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Te Papa acquisition brings new appreciation

Te Papa acquisition brings new appreciation for unearthed public artwork

When Barry Thomas commandeered a vacant lot on the corner of Willis and Manners Street to make a temporary public art statement in 1978, there was no thought given to it becoming a permanent part of the nation’s memory bank of art.

Indeed it’s taken a long 34 years for the extant records of his cultural act of planting the vacant lot with 180 cabbages to be acquired by Te Papa for the national collection.

“I can still remember that moment of cutting through a wire fence to this dormant and empty lot, waiting for a truckload of top soil to be delivered in broad daylight and planting the cabbages,” says Thomas.

“Seeding that soil with something organic brought an emancipated form of the quarter acre plot into the city. It laid a meme-like challenge to the complacency of the time.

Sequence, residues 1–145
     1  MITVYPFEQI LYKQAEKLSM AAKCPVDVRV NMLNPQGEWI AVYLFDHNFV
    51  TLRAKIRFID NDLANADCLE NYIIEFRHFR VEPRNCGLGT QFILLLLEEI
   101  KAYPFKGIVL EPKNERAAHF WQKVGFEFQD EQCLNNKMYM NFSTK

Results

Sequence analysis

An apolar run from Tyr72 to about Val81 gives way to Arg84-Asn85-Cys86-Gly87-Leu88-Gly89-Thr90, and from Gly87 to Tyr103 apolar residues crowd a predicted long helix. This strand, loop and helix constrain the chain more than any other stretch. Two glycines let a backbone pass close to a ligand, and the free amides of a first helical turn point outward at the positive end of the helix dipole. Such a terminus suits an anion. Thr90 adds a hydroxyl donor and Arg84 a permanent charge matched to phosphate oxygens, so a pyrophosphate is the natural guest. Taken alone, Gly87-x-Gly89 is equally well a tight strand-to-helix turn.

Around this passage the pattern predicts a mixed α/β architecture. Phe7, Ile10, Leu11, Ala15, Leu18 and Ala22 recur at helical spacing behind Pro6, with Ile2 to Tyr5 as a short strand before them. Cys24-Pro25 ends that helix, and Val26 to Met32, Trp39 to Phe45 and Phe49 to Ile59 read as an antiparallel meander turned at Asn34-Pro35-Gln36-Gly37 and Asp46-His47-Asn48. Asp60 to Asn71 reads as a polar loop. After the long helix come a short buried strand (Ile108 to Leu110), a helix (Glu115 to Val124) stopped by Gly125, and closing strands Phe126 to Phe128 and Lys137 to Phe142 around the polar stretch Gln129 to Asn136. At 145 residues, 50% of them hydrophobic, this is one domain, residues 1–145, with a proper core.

"It was unexpected, and this created an unexpected set of responses – from the attention of the media, to people claiming and occupying the site as their own, through to it becoming a venue for a spontaneous arts festival and perhaps the first unintentional urban garden in the Southern hemisphere”.

Now that this anteceding act has been captured as an important moment in New Zealand’s art and social history, Thomas welcomes the creative emergence three decades later of more deliberative public artspace projects in New Zealand such as Letting Space, The Performance Arcade and Gap Filler, being celebrated at the City Gallery in Wellington on Saturday 3 November.

“The deeply profound influences I was discovering in 1978 are still with me, lived out through concepts like my radical art advertisements in the pavement cracks of culture. Anything that can’t be confined by convention, or defined by an academic, or curated to death… that’s what matters. And that’s what a ‘Vacant lot of cabbages’ achieved”.
• For the Te Papa blog entry on this latest acquisition, and images see

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